Try the Jupyter notebook version.
Most programs have more than one branch, meaning they can do different things, depending on some condition (e.g., did the user click on the Home button, or the Print button?).
Here is a silly example:
$ python3 adventure.py You are in a dimly lit computer room. A lab that is worth 50% of your grade is due in 4 hours. What do you want to do? 1 Start work on your lab 2 Go play ultimate frisbee with your friends 3 Take a nap on the CS couches ---> 3 -=--=--=--=--=--=--=--=--=--=--=--=--=--=--=--=--=--=--=--=- You wake up with bad hair. The lab is due in 1 hour. What do you want to do? 1 Go back to sleep 2 Call your professor and ask for more time 3 Start work on your CS homework ---> 1 You die a horrible death. Your CS professor doesn't even realize you are no longer coming to class... :(
Presumably, if I made better choices, the outcome would be better.
To accomplish something like that, we want to say something like "if this condition is True, do this, otherwise, do that". And this is exactly how the
if/else syntax in python looks:
if some-condition-is-True: do this block of code else: do this block of code
As before, a block of code can be one or more lines, and must all be indented.
What we don't know yet is how to create or evaluate the condition. For that we need a new type!
Named after George Boole, the boolean type consists of just two values:
False. And to create the conditions we need for branching, we often use comparison operators:
>>> x = 5 # assignment >>> x > 0 # greater than True >>> x < 0 # less than False >>> x == 0 # equal to (note the 2 equals signs) False >>> x <= 5 # less than or equal to True >>> x >= 5 # greater than or equal to True >>> x != 5 # not equal to False >>> "jeff" > "ameet" # can compare strings, too! True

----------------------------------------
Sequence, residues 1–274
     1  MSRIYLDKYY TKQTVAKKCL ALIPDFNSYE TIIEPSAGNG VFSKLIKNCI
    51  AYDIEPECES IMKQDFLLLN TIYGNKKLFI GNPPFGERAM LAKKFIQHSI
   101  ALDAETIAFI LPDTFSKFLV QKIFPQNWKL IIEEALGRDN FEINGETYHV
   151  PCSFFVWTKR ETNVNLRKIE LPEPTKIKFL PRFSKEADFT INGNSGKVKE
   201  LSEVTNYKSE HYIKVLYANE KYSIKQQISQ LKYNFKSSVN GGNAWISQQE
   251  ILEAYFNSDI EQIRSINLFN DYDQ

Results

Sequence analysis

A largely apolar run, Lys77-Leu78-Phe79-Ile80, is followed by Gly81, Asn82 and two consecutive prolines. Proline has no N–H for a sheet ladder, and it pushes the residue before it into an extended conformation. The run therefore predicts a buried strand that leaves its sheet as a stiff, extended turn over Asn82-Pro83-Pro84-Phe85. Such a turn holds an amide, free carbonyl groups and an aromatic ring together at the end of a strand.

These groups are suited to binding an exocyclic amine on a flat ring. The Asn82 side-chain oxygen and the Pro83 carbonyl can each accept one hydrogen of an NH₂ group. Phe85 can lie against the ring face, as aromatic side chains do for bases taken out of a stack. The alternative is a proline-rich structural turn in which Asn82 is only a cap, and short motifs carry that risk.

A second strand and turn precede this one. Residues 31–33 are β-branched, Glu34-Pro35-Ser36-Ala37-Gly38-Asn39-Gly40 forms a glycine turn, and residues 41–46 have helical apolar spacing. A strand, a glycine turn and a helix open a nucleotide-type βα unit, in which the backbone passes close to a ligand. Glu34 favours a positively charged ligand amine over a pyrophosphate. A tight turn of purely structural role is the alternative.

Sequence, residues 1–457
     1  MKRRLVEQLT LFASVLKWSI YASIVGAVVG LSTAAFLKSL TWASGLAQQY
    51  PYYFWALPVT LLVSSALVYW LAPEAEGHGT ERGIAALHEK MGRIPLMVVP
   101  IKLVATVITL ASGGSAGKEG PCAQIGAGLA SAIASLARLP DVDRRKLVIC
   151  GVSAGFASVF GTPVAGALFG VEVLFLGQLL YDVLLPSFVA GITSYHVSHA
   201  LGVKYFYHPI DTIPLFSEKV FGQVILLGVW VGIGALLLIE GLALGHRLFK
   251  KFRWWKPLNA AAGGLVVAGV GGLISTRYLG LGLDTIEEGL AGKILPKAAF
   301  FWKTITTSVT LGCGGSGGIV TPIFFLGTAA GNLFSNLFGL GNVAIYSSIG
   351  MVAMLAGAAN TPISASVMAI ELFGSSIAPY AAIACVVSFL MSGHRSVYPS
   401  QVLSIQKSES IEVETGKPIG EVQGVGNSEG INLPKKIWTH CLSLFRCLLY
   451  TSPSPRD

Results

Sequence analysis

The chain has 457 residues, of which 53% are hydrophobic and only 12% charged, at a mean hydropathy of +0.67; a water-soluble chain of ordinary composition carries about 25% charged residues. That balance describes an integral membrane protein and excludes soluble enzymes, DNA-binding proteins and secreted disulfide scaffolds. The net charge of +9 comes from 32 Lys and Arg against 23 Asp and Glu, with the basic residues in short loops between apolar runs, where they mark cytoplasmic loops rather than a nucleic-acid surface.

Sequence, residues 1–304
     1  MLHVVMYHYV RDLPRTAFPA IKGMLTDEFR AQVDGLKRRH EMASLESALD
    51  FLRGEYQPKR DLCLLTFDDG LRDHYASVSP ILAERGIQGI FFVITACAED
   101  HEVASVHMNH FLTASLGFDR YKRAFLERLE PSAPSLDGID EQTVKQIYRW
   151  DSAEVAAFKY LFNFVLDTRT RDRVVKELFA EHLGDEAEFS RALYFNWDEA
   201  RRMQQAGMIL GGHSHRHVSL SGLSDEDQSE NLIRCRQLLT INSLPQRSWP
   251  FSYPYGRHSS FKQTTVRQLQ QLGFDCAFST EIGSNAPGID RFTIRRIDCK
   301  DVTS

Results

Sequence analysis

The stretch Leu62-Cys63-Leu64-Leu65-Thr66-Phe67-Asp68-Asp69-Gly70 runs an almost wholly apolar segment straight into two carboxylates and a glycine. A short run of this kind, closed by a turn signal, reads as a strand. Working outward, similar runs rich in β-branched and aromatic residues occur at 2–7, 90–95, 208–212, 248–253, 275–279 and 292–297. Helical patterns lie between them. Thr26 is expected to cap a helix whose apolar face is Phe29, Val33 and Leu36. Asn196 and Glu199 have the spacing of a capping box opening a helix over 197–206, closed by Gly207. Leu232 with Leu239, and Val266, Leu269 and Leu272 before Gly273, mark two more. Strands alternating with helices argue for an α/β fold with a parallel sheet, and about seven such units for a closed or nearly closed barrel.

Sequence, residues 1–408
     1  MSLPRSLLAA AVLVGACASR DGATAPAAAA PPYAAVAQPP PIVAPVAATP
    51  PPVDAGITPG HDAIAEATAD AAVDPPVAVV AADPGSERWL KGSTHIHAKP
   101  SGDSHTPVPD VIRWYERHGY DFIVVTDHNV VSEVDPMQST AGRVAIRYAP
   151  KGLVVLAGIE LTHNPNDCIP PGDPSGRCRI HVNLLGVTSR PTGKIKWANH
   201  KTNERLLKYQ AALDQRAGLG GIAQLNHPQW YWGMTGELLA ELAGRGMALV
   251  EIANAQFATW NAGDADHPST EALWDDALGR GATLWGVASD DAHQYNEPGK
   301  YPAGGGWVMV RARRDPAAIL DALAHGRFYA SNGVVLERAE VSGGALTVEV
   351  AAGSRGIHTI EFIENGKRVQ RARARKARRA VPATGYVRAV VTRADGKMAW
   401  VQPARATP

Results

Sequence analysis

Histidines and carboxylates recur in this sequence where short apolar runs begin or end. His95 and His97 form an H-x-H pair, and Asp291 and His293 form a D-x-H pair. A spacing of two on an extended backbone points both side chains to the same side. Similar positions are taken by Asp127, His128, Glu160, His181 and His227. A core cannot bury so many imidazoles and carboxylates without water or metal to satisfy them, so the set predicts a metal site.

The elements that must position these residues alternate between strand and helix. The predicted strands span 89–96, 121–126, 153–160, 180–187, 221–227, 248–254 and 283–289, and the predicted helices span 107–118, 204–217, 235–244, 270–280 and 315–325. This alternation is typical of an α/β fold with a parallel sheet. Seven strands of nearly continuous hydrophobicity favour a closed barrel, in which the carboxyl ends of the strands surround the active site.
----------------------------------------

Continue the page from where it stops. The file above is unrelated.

Also note, both
False are capitalized.
Python also has the
in operator, which tells if something is a member of a given sequence. Here are some simple examples:
>>> L = list("abcdefg") >>> print(L) ['a', 'b', 'c', 'd', 'e', 'f', 'g'] >>> "A" in L False >>> "a" in L True >>> "X" not in L True >>> S = "Swarthmore" >>> "A" in S False >>> "a" in S True >>> "wart" in S True >>> S > "Harvard" True
Here's a simple
if/else branch example:
limit = 55 speed = int(input("How fast were you going? ")) if speed <= limit: print("OK...off you go.") else: print("That's too fast!!!") print("Here's your ticket...")
So the condition used is
speed <= limit, which evaluates to either
True, the first
if block is executed. If
else block is executed.
for loops, a code block can contain any valid python code, so it's possible to have a
for loop in an
if block, or another
if block nested inside the first
if block, or one
for loop nested inside another
If you have more than two branches, you can have one or more
elif branches. For example, if you were a professor, writing a program to assign grades, you might need one branch for the A's, one for the B's, and so on. Here is one way to write that program, assuming you have the numberical grade stored in a variable called
if grade >= 90: print("A") elif grade >= 80: print("B") elif grade >= 70: print("C") elif grade >= 60: print("D") else: print("F")
Ask the user for a string and a letter. Then tell the user how many of that letter are in the string:
$ python3 lettercount.py phrase: we love comp sci!! letter: o There are 2 o's in that phrase.
How about this program?
$ python3 gtw.py Would you like to play Global Thermonuclear War? y <large explosion>......you LOSE! $ python3 gtw.py Would you like to play Global Thermonuclear War? Y <large explosion>......you LOSE! $ python3 gtw.py Would you like to play Global Thermonuclear War? n The only winning move is not to play. --JOSHUA $ python3 gtw.py Would you like to play Global Thermonuclear War? pony How about a nice game of chess?
Notice how it has 3 branches, but also accepts at least two different answers for "yes". Can you think of a way to accept all of these ("y","yes","sure","Y","Yes","YES") for "yes"?